Once the scales were leveled, we decided to build four ramps so we could drive the car on the scales rather than jack the car and lower it onto the scales. The contention is that the front suspension will bind slightly if lowered onto the scales, which will affect the accuracy and repeatability of our tests. We decided to put all this to the test using the scales in all three situations. Our first test was to lower the Orange Peel Chevelle down on nonlevel scales. Next, we repeated this same test with the scales leveled and jounced the car twice on each corner to settle the springs and shocks. Then we raised the car, removed the scales, backed the car out, and drove the Chevelle up on the scales using our wooden ramps without jouncing the suspension and with the driver in the car. The first thing we noticed was that the total weight was not the same among the three tests, with the total changing by as much as 6 pounds and one corner that changed by as much as 13 pounds. After several more attempts lowering the car and using the jounce method, we found that 3,472 pounds became the most consistent figure. After leveling the scales and jouncing the car, the weight moved around a little to the rear. The ramp test moved the weight around a bit again, but the change was less than 1 percent-and the ramps frankly were a hassle. So for us, it was easier to raise and lower the car using our hoist or a floor jack, and we produced more consistent results this way compared with using the ramps. So we learned that we have to use the scales in the same spot on the shop floor and test the same way each time. A difference of a couple of pounds will not be critical in terms of vehicle performance, but it helps to be as accurate as possible. Another common solution is to build working stands the same height as the scales, which would allow us to lower the car on the stands, settle the suspension, and then roll the car onto the scales. Whichever procedure you decide to use, make sure to scale the car the same way each time.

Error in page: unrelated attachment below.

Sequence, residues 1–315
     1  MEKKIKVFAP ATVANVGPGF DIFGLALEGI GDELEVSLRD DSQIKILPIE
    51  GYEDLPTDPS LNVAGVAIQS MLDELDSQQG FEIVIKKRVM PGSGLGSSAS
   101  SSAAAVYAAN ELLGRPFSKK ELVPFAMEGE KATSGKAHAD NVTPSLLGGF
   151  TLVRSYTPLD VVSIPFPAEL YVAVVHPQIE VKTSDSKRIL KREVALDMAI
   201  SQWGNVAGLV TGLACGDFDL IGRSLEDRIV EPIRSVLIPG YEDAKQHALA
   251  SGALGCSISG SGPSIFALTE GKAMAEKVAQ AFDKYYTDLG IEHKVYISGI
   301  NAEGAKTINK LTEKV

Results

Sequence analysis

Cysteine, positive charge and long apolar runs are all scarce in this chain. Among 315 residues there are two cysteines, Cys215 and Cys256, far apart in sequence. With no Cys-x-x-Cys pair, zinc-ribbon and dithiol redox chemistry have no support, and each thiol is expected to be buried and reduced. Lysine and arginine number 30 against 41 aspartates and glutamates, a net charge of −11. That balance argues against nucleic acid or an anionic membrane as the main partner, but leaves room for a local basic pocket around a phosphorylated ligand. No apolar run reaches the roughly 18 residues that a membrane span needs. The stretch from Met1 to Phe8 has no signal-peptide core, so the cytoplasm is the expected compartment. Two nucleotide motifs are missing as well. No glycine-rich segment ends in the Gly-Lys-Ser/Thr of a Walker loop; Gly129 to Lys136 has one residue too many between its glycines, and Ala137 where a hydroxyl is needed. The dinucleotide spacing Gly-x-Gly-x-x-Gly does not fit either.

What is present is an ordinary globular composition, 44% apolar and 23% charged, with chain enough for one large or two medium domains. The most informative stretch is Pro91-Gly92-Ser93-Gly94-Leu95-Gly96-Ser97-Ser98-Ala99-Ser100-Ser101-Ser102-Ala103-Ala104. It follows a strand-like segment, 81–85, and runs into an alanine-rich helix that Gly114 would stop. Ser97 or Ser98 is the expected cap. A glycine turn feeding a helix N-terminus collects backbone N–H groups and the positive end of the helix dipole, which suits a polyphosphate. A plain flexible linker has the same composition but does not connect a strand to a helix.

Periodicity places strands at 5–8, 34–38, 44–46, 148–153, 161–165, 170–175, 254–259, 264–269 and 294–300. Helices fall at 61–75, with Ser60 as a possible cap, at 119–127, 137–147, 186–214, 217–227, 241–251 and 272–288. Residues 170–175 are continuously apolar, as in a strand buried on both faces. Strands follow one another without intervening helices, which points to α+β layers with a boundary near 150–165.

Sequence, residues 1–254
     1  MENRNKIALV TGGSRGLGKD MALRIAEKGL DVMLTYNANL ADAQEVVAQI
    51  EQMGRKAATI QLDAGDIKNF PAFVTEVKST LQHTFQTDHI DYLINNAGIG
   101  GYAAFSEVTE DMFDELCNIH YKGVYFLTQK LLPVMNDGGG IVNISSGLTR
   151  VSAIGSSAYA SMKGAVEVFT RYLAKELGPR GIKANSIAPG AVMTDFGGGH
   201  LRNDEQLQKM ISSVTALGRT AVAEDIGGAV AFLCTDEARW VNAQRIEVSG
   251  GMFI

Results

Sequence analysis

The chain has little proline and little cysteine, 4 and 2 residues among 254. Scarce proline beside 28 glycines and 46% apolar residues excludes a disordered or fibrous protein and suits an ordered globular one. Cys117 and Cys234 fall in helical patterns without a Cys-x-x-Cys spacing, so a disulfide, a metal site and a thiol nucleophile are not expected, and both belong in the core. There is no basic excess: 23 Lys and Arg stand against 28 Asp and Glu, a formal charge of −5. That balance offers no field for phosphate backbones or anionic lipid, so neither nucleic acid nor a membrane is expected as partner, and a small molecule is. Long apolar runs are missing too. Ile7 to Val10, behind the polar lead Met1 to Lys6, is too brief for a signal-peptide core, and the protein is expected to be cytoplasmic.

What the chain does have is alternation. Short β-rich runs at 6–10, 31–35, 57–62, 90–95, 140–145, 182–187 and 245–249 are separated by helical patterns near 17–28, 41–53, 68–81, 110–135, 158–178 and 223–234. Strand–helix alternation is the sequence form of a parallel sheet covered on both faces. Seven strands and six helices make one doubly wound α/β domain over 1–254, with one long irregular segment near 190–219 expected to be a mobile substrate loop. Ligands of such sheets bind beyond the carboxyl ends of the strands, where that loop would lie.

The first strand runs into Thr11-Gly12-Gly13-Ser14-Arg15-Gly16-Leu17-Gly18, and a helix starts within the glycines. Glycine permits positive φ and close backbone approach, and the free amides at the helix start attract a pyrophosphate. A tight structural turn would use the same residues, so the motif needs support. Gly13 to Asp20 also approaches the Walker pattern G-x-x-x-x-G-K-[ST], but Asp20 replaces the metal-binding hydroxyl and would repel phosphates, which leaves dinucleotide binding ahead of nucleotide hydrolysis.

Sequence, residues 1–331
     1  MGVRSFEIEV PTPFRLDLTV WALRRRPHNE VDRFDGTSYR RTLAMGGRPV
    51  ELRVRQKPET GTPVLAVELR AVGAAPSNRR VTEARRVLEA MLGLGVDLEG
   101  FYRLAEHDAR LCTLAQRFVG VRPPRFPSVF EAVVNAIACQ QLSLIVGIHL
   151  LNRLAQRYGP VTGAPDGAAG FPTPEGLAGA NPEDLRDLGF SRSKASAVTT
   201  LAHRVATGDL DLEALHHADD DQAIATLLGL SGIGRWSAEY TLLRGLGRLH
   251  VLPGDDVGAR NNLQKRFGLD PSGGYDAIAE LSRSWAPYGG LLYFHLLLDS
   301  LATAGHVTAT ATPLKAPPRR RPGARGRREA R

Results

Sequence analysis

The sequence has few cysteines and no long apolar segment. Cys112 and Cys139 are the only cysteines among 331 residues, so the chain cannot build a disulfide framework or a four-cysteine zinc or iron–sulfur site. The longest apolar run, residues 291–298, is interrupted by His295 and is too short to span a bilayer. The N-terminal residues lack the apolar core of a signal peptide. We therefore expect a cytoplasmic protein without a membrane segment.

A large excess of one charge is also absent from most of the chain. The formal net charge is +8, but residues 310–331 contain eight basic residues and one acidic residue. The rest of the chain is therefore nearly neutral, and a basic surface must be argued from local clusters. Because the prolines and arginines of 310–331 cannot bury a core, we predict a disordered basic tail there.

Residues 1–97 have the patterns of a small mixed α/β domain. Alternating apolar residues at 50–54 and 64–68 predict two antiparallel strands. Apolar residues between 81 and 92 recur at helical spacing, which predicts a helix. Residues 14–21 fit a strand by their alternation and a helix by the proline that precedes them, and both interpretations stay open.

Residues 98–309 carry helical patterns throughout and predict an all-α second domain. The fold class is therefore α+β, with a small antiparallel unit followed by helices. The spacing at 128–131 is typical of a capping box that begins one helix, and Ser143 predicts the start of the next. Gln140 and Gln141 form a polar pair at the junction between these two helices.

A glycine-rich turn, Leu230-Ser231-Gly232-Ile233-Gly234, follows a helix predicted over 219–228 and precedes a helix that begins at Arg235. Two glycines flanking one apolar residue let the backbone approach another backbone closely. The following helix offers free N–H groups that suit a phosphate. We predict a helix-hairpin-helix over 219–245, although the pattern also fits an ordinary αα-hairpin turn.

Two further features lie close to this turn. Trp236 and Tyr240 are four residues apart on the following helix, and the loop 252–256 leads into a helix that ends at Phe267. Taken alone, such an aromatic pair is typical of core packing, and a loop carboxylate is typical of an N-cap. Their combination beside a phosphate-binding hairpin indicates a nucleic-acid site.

Many racers contend that lowering the front suspension vertically on the scales (as oppose
We built these 16-inch-long wooden ramps out of 2x4s and 3/4-inch-thick particleboard cabi
We also scaled this Mustang just to look at a leaf spring car. Adding preload to the right
You can expect to become increasingly popular once your buddies discover you own a set of scales. We invited Greg Smith to bring over his 10-second nitrous'd, leaf spring '67 Mustang. The car has always launched straight, so we weren't anticipating major rear weight differences. With driver weight and half a tank of fuel, we discovered less weight in the right rear (the opposite of what we found without the driver in the car). The difference in left-to-right rear weight was 35 pounds, which is slightly more than 1 percent. Calvert Racing prefers minimizing preload, as this creates rear suspension bind, so we did not modify the weight distribution. Plus, the cross weight was within 4 pounds, which is a big reason why the car tracks straight.
||3,340 with driver (3,130 without)